Home Arts & Lit Review: EUTCo’s ‘Tribes’ deemed a triumph

Review: EUTCo’s ‘Tribes’ deemed a triumph

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EUTCo’s penultimate offering for the academic year gave the audience a treat from the moment the elaborately decorated set came to life. The dramatic music and opening lines set the pace and mood for this funny and heart-warming show.

Tribes follows Billy, a young man deaf from birth and his hearing family who haven’t bothered to learn sign language. When he meets Sylvia, a woman going deaf, he finds that perhaps his deafness isn’t a complete hindrance. She just has to face his family and all their quirks.

The cast were fantastic in their delicate but strong portrayals of the dysfunctional family. Henry Cox brought a quiet and unassuming gentleness to the role of Billy, the character’s speech problems not stopping him from speaking with perfect coherence and using his expressions more than his voice to say what he wanted. Hannah Bloom’s quiet confidence as Sylvia and her use of sign language to communicate brought a new dynamic to critical scenes in the second act where she translates for Billy who isn’t speaking. It was impressive to note that the pace did not drop in these moments as the phrase ‘actions speak louder than words’ was exemplified.

The show’s more intense scenes were softened by the eccentricities of the rest of the family who provided comic relief in the face of well-timed awkward pauses. Many scenes were often cleverly punctuated by the loud arguments of Aidan Cheng’s Christopher, who carefully trod the fine line between rude and offensive language, and Brontë Bannatyne’s Beth, whose motherly instincts seemed to hold the family together. Daniel Heathcote and Beth Watson also provided entertainment through their rivalry as Billy’s older siblings. However it was the relationship between Daniel, played by Heathcote, and Billy that carried the familial relationships throughout the play. Heathcote played the stammer and voices that plagued his character to perfection and it created the first echoes of sympathy for a family member other than Billy from the audience.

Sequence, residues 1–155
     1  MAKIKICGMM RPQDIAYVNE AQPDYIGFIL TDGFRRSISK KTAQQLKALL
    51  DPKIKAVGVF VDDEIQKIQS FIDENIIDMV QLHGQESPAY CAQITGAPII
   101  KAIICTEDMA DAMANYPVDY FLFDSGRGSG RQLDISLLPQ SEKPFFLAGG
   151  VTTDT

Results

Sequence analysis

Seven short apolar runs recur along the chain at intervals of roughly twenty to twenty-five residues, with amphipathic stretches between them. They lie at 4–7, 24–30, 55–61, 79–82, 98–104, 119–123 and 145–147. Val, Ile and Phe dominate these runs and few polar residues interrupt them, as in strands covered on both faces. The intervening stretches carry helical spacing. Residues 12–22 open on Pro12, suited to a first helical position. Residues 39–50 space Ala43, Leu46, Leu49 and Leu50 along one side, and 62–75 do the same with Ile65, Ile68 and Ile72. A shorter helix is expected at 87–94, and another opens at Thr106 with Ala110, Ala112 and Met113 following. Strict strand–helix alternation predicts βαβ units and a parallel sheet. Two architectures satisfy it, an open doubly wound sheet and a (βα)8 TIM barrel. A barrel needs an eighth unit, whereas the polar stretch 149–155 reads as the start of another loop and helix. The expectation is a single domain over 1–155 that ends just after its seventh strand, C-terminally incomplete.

Directors Eoin McAndrew and Isobel Knight did a sterling job in creating an atmosphere where the audience was taken on a rollercoaster ride of emotions and gave us a night of comedy and subtle thought-provoking moments. It isn’t every day you see a show that speaks on the difficulties of hearing loss and doesn’t give the happy ending the audience were perhaps hoping for. We all need those once in a while.

4 stars

Beth Atkinson

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